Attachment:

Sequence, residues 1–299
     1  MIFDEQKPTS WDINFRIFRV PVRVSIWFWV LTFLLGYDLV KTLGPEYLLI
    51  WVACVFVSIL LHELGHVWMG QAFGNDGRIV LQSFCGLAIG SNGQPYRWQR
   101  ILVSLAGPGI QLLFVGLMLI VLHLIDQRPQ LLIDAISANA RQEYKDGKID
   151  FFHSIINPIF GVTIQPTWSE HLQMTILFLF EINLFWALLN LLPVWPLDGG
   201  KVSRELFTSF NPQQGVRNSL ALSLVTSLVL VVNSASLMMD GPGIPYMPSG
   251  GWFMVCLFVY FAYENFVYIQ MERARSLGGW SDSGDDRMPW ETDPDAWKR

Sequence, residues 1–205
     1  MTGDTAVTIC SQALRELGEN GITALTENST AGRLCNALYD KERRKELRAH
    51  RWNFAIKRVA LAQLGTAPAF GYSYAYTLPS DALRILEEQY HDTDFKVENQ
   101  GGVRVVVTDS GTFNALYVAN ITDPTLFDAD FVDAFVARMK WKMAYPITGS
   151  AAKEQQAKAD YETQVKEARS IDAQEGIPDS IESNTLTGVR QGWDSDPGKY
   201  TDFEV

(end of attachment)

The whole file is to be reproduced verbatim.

Sequence, residues 1–299
     1  MIFDEQKPTS WDINFRIFRV PVRVSIWFWV LTFLLGYDLV KTLGPEYLLI
    51  WVACVFVSIL LHELGHVWMG QAFGNDGRIV LQSFCGLAIG SNGQPYRWQR
   101  ILVSLAGPGI QLLFVGLMLI VLHLIDQRPQ LLIDAISANA RQEYKDGKID
   151  FFHSIINPIF GVTIQPTWSE HLQMTILFLF EINLFWALLN LLPVWPLDGG
   201  KVSRELFTSF NPQQGVRNSL ALSLVTSLVL VVNSASLMMD GPGIPYMPSG
   251  GWFMVCLFVY FAYENFVYIQ MERARSLGGW SDSGDDRMPW ETDPDAWKR

Sequence, residues 1–205
     1  MTGDTAVTIC SQALRELGEN GITALTENST AGRLCNALYD KERRKELRAH
    51  RWNFAIKRVA LAQLGTAPAF GYSYAYTLPS DALRILEEQY HDTDFKVENQ
   101  GGVRVVVTDS GTFNALYVAN ITDPTLFDAD FVDAFVARMK WKMAYPITGS
   151  AAKEQQAKAD YETQVKEARS IDAQEGIPDS IESNTLTGVR QGWDSDPGKY
   201  TDFEV